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From Stefano Mazzocchi <>
Subject Re: [RT] Improving Sitemap and Flowscript
Date Fri, 22 Aug 2003 18:59:03 GMT

On Tuesday, Aug 19, 2003, at 22:41 Europe/Rome, Christian Haul wrote:

> Stefano Mazzocchi wrote:
>>  Virtual Pipeline Components
>>  ---------------------------
> <snip what="suggestions I agree with"/>
> I'm all in favour of this since the topic came up first. Unfortunatly, 
> I haven't found the time investigating an implementation but I believe 
> this should be straight forward.
> Although we're not (yet) discussing implementation details, I would 
> like to suggest to wrap those pipeline fragments as Avalon components. 
> I believe this will become handy with blocks as we only need to expose 
> components from a block....
>>  Moving Sitemap components into cocoon.xconf
>>  -------------------------------------------
>> the default sitemap is too verbose and this scares people away. I 
>> would like to move the default sitemap component definitions into the 
>> cocoon.xconf.
>> Note that with blocks, the definitions of those components will be in 
>> the block.xconf as well and this will be aggregated by the block 
>> manager.
> We had this already at some time. Cutting the complexity is good. 
> Perhaps we should follow the idea of splitting cocoon.xconf and root 
> sitemap.xmap into two files each, one for the defaults and one (empty) 
> for customization.
>>  Pluggable Request Factories
>>  ---------------------------
> <snip/>
> OK
>>   Interception in Flowscript
>>  ----------------------------
>> While writing flowscripts, you realize how many things can be applied 
>> to many of the various flowscript functions that are called by the 
>> sitemap. In Linotype, I ended up using the ability that javascript 
>> gives you of using functions as native objects and then invoquing 
>> them by passing a modified argument vector.
>> It came to me that what I did with linotype was a really-poor-man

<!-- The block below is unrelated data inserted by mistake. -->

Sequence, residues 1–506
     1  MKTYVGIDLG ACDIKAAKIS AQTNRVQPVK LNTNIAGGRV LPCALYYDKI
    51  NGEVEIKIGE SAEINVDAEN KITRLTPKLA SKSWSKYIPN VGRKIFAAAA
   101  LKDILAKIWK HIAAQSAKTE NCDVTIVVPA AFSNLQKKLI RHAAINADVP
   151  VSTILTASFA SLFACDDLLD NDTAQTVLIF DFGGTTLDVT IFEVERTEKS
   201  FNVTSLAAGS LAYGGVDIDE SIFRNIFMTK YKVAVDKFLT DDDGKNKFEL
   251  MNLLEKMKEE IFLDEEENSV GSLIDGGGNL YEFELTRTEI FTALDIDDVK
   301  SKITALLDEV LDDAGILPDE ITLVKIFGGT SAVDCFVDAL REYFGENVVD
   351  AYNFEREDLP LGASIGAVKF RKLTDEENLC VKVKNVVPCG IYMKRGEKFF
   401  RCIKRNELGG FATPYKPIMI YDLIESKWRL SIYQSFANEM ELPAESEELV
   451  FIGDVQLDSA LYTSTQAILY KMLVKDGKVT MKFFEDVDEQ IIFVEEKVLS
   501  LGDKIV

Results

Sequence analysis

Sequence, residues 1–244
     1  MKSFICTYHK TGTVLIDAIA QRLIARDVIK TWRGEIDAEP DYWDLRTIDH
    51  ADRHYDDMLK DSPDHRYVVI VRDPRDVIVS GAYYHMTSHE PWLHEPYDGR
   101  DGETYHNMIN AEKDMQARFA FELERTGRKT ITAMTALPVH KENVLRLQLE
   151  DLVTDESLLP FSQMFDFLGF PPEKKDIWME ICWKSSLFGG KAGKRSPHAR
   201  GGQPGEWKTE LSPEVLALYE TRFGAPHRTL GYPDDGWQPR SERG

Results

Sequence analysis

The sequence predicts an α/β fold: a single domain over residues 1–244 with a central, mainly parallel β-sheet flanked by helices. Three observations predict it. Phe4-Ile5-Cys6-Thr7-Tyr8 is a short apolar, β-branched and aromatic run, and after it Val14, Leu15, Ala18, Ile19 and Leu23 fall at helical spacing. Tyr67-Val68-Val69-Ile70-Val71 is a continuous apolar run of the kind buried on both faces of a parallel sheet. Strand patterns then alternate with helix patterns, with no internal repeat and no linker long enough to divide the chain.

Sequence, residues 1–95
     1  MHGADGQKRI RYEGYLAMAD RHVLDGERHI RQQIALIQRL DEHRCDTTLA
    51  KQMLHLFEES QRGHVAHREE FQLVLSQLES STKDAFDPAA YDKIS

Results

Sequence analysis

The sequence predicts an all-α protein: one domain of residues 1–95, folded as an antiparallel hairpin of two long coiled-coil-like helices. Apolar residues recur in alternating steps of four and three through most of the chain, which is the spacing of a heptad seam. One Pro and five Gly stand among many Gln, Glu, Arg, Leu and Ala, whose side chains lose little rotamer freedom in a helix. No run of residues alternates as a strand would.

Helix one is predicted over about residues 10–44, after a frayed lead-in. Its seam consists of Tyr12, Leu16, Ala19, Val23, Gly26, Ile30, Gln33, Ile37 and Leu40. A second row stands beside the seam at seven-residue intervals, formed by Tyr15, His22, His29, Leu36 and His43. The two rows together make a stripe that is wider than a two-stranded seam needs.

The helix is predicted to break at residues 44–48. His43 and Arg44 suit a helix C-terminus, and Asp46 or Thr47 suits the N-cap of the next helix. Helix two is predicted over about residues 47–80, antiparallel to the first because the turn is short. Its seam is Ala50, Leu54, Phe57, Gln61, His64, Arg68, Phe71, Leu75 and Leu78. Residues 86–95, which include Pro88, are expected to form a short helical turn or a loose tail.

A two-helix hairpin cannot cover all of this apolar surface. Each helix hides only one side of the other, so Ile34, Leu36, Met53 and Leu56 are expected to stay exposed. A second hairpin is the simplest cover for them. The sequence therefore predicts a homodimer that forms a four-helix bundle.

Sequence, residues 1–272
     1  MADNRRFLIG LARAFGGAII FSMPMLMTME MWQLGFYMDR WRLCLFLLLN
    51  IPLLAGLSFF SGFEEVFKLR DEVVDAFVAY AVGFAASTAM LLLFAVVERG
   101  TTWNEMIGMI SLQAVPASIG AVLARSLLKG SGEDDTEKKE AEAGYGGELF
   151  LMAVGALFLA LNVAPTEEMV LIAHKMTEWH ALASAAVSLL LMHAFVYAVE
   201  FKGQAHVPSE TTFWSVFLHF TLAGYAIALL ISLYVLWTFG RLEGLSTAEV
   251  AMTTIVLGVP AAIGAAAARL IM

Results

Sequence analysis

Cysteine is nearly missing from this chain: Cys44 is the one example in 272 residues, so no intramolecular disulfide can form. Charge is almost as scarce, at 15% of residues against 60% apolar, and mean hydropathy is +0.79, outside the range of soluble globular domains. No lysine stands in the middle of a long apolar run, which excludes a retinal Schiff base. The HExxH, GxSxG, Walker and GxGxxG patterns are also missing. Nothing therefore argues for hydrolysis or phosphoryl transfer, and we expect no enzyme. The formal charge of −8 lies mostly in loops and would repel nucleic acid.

>> interception mechanism. Interception is the ability to "intercept" a 
>> method call and execute some code before or after the execution of 
>> the intercepted method.
>> Interception is the simplest form of the aspect orientation.
>> Adding interception mechanism to the flowscript requires three 
>> changes, two in the FOM, one (more important!) in the javascript 
>> syntax:
>>  1) the addition of a function call to the "cocoon" object, which 
>> indicates that intercepting function calls should be imported.
>>  cocoon.apply("blah.js");
>> where "blah.js" contains the intercepting functions.
>>  2) the addition of a function call to context that continues the 
>> intercepted invocation:
>>   ...
>>   continueExecution(arguments);
>>   ...
>>  3) the introduction of wildcars for function names.
>>  function get*() {
>>    ...
>>  }
>> the above seems rather accademic, so allow me to write an example 
>> where the use of aspect-oriented flowscript would shine.
>> Something that can be modelled very well as an aspect is 
>> authentication/authorization (aka login) because it's not something 
>> that is part of the webapp (at least, it shouldn't be!) but it's 
>> something that is "wrapped" around it to allow people to access it 
>> without the proper authorization.
> Here I like to disagree, sort of. While I agree that authentication is 
> a good use case for AOP, I don't come to the same conclusion. In fact, 
> by using an action to protect a complete URI space very much the same 
> can be achieved.


> I know, actions are not liked by everyone, but this is one of the best 
> applications for them.

are you suggesting we don't think about adding interception in flow 
because otherwise this would kill the only place where actions have a 
reason to exist?

> So, please provide a more convincing use case for the introduction of 
> AOP in Cocoon ;-)

Actions can be used as interceptors. It's not their only ability, but 
yes, it's possible and good actions do perform this way.

So, any use case that requires action-based interception, will work as 
nicely with flow interception.

What would we gain?

1) action-based interception is a concern of the flow layer, not of the 
pipeline definition. i will never stop saying this, but actions should 
not exist in the sitemap realm, since they mix concerns.

2) actions have a terribly poor error handling capability, even when 
used as interceptors, flow-based interception keeps all the 
functionality available at the flow level.

3) actions are hardcoded in the sitemap pipelines definitions. 
flow-based interception will allow to wrap existing code without 
needing to modify it or it will be possible to "remove" or modify 
interception without modifying the original flow code.

I'll think about more juicy use cases tonight.


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